Supporting our work with arborists, GreenBlue were proud to sponsor the 2018 Arb Association Conference “Soils & Trees” held on the stunning campus of the University of Exeter in Devon County, UK.
GreenBlue Urban has always advocated the value of the right soil specification for our ArborSystem and ArborFlow SUDs / LID tree pits. Indeed, our whole protocol is to ensure that the soil under paved surface around trees is not compromised through excessive compaction. At this conference, we heard a variety of approaches addressing the key subtopics of: Natural Environment, Landscape, Engineered Solutions, Collaboration and The Way Forward.
Delegates were given an insight into the implications of pollution and nitrogen on mycorrhizas from Dr Martin Bitardtando and the final presentation of day one, given by Richard Smith from the Environment Agency, highlighted that critical relationship between soil compaction and water management. The more we are compacting our soils, the less able we are to mitigate against flood risk in both rural and urban settings.
Day two focused on species selection, soil specification and engineered systems. Dr Andy Hirons, Simon Toomer and Professor Andreas Roloff, provided their own unique perspectives on species selection for the built environment.
Working with historic cities in the UK and abroad, it was fascinating to hear from Simon on the relationship between species selection and the ‘sense of place,’ particular to our historic cityscapes. Having experienced working with Bruges for our WRC Interreg European project, we are acutely aware of the need to marry intelligent species selection with the correct root directors, barriers and support systems to ensure that design and vision is not limited in these unique and historic settings.
It was of course, excellent to have an overview from Tim O’Hare with whom we have worked on several occasions. Both Tim O’ Hare associates and GreenBlue Urban were privileged to be involved in the development of the Olympic Park.
In the afternoon, we heard about below ground engineered systems – a topic directly pertinent to us. Keith Sacre from Barchams began the proceedings with a presentation developed in conjunction with Anne Jalzulot and Sue James. It was heartening to see Keith utilise examples of well-established schemes delivered by GreenBlue and we wholeheartedly support his message that following specification and installation correctly is critical to the long-term success of the tree.
Nelda Matheny’s presentation, highlighting the challenges and complexities of determining the cause of tree failure when several premixed soils are used on a development site, was resonant. She made no apologies for the fact that structural soils do not provide the solution to long term tree health. Her evidence base was robust, and she explained that research on the structural soils is still being used in certain countries whose climate, water tables and projected shifts in temperature due to climate change, is outdated and incorrectly applied. We couldn’t agree more.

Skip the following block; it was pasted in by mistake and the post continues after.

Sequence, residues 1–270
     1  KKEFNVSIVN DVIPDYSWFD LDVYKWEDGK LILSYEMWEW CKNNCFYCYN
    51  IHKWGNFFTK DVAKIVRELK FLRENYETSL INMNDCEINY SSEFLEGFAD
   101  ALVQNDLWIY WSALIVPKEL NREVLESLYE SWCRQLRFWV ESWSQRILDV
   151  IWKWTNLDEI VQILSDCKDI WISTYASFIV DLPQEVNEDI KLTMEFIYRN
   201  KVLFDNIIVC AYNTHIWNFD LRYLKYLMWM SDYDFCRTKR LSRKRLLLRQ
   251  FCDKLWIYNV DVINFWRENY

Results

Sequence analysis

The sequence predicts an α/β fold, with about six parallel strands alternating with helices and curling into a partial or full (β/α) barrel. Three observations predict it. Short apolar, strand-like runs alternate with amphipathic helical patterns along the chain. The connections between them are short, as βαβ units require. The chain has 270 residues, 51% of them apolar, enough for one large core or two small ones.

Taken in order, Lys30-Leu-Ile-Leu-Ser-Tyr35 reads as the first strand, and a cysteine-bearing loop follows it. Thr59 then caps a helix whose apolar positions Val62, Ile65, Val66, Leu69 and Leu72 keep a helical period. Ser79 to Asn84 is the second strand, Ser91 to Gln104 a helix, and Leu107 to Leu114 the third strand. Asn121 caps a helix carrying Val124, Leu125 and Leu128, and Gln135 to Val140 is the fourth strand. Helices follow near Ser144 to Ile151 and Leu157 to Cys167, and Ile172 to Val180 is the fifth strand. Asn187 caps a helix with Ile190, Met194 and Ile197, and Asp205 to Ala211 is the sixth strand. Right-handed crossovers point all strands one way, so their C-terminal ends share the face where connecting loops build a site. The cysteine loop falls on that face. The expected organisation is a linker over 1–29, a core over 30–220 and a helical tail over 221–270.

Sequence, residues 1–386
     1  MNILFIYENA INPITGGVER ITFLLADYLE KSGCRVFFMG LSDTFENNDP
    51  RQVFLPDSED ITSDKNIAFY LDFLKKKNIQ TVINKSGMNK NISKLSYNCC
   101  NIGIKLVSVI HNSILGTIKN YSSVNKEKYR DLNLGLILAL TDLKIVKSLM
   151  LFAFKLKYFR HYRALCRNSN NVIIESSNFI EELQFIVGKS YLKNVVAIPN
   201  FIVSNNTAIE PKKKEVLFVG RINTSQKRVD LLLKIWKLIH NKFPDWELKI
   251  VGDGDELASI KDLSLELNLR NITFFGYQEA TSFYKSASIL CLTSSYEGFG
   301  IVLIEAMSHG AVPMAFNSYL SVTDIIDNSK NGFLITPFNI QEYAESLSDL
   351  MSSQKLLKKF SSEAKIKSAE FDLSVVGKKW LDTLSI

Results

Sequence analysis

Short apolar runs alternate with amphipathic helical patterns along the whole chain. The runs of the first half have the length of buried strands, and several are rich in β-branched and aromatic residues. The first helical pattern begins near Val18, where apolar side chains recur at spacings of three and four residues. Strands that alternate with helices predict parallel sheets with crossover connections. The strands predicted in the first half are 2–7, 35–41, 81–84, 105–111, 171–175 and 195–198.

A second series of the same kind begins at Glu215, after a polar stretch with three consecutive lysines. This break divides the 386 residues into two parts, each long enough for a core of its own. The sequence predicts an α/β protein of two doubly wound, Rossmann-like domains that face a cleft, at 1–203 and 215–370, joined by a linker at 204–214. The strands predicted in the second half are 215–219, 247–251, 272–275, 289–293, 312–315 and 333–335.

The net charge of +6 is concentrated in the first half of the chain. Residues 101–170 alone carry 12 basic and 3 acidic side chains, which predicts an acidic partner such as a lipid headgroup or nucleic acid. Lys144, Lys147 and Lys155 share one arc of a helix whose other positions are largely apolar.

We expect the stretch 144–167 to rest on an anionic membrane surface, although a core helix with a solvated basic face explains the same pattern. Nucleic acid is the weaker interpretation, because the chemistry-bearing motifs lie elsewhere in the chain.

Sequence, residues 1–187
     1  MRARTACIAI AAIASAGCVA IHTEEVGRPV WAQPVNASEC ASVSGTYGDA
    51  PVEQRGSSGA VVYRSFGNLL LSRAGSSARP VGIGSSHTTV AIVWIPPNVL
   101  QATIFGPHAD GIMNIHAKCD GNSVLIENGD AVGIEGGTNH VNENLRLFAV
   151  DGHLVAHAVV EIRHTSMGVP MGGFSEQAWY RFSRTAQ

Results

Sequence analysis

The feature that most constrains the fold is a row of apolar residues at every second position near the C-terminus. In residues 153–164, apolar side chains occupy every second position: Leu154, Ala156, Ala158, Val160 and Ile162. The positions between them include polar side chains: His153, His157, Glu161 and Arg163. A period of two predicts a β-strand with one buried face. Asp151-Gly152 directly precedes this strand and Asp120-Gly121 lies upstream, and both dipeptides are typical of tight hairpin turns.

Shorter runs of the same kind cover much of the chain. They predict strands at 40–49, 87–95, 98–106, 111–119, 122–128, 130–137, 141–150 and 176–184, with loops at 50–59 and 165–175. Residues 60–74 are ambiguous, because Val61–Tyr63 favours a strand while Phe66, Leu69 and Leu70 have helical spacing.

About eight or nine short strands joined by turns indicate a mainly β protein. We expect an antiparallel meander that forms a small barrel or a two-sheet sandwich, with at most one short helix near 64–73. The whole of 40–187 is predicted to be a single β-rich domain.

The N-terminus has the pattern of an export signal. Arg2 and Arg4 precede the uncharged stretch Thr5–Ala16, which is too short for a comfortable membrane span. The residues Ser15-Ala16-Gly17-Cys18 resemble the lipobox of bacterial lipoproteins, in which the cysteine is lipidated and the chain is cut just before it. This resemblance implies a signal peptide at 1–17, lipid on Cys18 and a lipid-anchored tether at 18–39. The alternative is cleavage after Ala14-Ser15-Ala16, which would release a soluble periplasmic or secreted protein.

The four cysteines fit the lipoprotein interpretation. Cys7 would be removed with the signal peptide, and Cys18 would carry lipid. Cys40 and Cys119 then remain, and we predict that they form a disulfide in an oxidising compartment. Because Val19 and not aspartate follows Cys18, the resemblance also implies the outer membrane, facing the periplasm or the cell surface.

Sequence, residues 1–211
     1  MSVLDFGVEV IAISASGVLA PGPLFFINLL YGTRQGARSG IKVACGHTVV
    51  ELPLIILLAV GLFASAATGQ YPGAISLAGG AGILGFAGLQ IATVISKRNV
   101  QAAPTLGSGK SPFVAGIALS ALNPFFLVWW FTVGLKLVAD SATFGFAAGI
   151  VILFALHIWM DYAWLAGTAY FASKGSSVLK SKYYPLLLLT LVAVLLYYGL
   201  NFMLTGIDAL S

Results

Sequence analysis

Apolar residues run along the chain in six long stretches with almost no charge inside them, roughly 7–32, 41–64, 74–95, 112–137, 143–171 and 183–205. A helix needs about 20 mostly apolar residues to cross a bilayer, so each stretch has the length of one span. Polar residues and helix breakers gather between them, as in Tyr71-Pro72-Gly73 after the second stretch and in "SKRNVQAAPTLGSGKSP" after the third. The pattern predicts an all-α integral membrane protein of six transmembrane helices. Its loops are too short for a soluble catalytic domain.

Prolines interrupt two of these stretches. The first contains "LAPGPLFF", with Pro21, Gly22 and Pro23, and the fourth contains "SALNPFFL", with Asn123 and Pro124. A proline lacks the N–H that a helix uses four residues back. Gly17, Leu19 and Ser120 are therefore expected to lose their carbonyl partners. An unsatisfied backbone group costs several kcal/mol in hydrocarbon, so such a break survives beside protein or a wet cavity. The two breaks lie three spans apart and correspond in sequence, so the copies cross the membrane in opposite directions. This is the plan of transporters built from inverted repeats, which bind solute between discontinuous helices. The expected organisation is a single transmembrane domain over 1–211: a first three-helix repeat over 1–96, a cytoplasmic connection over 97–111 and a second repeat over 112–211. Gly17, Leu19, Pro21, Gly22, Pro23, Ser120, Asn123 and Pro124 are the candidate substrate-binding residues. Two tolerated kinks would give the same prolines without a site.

Bjorn Embren was then afforded the opportunity to present his latest iteration of the Stockholm mix. Again, this structural soil solution is of limited and highly localised application. Whilst it is undoubtedly the case that Bjorn’s focus on porosity is crucial, it is not clear that this latest iteration will be able to deliver on its promise. He provided some images of installations in highways schemes, but it was obvious that for high-quality SUDs and transport infrastructure schemes that can withstand the test of time, an engineered solution would be most appropriate.
For more on this topic please see our detailed publication: Structural Soil vs Soil Cells.
Wendy Batenburg presented the Amsterdam perspective, again using specifically local case studies to make the claim that structural soils have a load bearing capacity for infrastructure projects. Wendy herself highlighted the plethora of risk factors associated with the use and installation of schemes using the Amsterdam structural soil mix. Too wet and you can’t compact it she says. Therein lies the problem… good soil shouldn’t be compacted. She admitted that for years, the results of using this method in the Netherlands has been disappointing. We would concur. Whilst people might think structural soils are easier to use and specify than engineered systems, this couldn’t be further from the truth.
On the final day there was a clear drive to plan for the future. Mark Roberts did well to remind us that over 60 per cent of the world’s population will be living in cities by 2030. There has never been a more important time to think about the forest in an ‘urban setting’ and how arboriculturalists are a critical part of a landscape led approach.
In order to assist with selection of the right species a broader range of insights into solutions for the hard landscape are needed; education is key quality soil has been showcased by our speakers – lets also consider compaction and root management in order for trees to thrive and reach their full potential.
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